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7 LGBTQ+ Artists We Love
Get inspired 14 Jun 2022

7 LGBTQ+ Artists We Love

LGBTQ+ art
Martine Gutierrez, Queer Rage, Imagine Life-Size and I’m Tyra, from the series Indigenous Woman, 2018

In June 1969, a raid occurred in the Stonewall bar, a gathering place for the New York gay community. This event led to several riots and marked the beginning of the LGBTQ+ movements. Since then, every June is an opportunity to celebrate LGBTQ+ art and to defend the rights of all human beings. Artsper invites you to discover 7 LGBTQ+ artists who are as brilliant as they are change-making!

1. Claude Cahun, a pioneer of LGBTQ+ art

claude cahun
Claude Cahun, I am in training, don’t kiss me (self-portrait), 1927, Jersey Heritage Collection, Jersey, UK

Born Lucy Renee Mathilde Schowob in 1894, Claude Cahun, was an emblematic figure of the surrealist movement in Paris. She was one of the very first to have questioned gender roles through art. Photographer, sculptor and writer, Cahun advocated very early on what is called today gender neutrality. As early as the 1920s, she defended the fluidity of the gender by using self-portraiture, surrealism and the cabaret universe. As explained, she feels feminine or masculine depending on the situation. In stating that, “neutral is the only gender that always works for me,” she formalized her position as a pioneer in LGBTQ+ art.

2. Joan E. Biren, an unprecedented representation of the lesbian community

LGBTQ+ art
Joan E. Biren, Eye to eye, Portraits of lesbians, 1979

The New York of the 1970s marks the birth of many LGBTQ+ movements. While homosexuality was still severely punished by American police, the first pride marches were organized. Lesbian activist, Joan E. Biren – aka JEB – took part in the demonstrations. At the same time, she revolted against the image of “false lesbians”, created by men and for men. In order to break this representation, Joan E. Biren focused her camera. She created hundreds of portraits of lesbian women, as intimate as they are authentic. Through her documentary approach, JEB for the first time made the lesbian community visible and proud.

3. Keith Haring, a struggle through color and love

keith haring safe sex
Keith Haring, Safe Sex, 1988

Inimitable, rebellious and revolutionary, Keith Haring also holds a central place in LGBTQ+ art. If his drawings seem at first glance colorful and naive, Haring is above all a committed artist. During his career, he defended ecology and fought against racism. But his main spearhead remains the fight against homophobia. Using street art, Keith Haring has massively spread a message of peace and universal love. Many of his works advocate the use of condoms and fight against AIDS. His 34-meter mural in Barcelona is a good example. But his commitment goes even further: in 1989, he created a foundation to fight against HIV. A double dose that has contributed to LGBTQ+ art and played an important role in public health.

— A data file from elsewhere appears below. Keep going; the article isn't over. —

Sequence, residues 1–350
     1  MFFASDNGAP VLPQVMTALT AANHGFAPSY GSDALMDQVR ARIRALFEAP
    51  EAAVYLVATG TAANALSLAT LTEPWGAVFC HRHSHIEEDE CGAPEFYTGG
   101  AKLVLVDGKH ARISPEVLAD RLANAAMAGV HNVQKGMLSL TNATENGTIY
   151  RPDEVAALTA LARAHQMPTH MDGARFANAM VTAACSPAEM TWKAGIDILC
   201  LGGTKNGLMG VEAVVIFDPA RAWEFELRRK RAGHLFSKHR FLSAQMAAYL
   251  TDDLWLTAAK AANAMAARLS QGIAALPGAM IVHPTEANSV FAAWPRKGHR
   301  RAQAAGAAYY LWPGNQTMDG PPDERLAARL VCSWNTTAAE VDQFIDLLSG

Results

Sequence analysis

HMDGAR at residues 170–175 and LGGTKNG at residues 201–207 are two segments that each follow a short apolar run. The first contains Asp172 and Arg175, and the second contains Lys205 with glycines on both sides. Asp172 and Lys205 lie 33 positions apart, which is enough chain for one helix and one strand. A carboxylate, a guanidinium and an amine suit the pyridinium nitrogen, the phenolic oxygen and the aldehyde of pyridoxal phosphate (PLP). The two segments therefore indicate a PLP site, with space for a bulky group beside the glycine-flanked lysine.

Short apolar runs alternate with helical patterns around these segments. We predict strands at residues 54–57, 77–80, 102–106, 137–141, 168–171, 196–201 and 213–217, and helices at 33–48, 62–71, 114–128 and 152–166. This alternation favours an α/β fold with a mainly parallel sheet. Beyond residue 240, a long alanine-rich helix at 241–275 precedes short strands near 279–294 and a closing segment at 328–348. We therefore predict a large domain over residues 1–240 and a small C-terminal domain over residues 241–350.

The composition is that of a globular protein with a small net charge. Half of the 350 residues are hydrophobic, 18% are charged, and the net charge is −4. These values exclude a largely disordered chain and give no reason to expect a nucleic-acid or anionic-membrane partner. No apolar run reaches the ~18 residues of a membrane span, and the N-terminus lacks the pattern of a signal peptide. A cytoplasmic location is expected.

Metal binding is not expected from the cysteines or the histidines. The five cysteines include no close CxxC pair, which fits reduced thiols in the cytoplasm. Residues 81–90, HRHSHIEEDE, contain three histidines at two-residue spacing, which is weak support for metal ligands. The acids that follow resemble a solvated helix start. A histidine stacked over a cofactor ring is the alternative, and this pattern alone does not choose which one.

4. Amos Mac, the contemporary star of LGBTQ+ art

LGBTQ+ art
Amos Mac & Zackary Drucker, Collaboration, 2010

If we had to elect the greatest contemporary LGBTQ+ art photographer, it would certainly be Amos Mac! And for good reason: he devotes his career to transforming the representations of the LGBTQ+ community, and particularly of transgender people. To carry out this magnificent struggle, Amos Mac explores both reportage and fashion photography. He collaborates with prestigious brands, writes scripts and covers the backstage of the biggest trans events in America. A triple approach whose benevolent and committed character is admired.

5. Martine Gutierrez, beauty, authenticity and LGBTQ+ art

Martine Gutierrez
Martine Gutierrez, Demons, Xochipilli, The Flower Prince, from the series Indigenous women, 2018

Strongly inspired by the aesthetics of fashion, Martine Gutierrez deals with LGBTQ+ beauty from all angles. A transgender artist, Gutierrez explores photography, dance, video and costume design. Thanks to this remarkable versatility, she plunges us into a universe devoid of the male gaze and colonial influences. A fresh breath of air in contemporary art!

6. Julia Gunther, a tribute to rainbow women

LGBTQ+ art
Julia Gunther, Miss Lesbian 2012, from the series Rainbow girls, 2012

Activist photographer, Julia Gunther uses the lens to denounce violence against LGBTQ+ women. Furthermore, she defends the pride of these women: to assume their identity, their choices and their incredible strength. Her portrait series Rainbow Girls is particularly poignant. In this series she photographed members of the Miss Lesbian Beauty contest in Cape Town, South Africa.  In a neighborhood known for its violence against lesbians, these beautiful women could make a bold statement of defiance.

7. Jeremy Novy, the birth of queer street art

Jeremy Novy, Divine, New Orleans, LA, 2019

Thanks to his works of mixing queer and popular iconography, Jeremy Novy is one of the first to have explored queer street art. He thus proposes new representations and leads all passers-by to question gender norms, still so rigid in popular and traditional cultures.

LGBTQ+ art: A lesson in tolerance and universal love

Plural and benevolent, LGBTQ+ art is above all an invitation to tolerance and openness to otherness. In societies that are still grey, LGBTQ+ artists propose new colored shades every day. A rainbow that becomes more and representative, and that deserves to shine even brighter!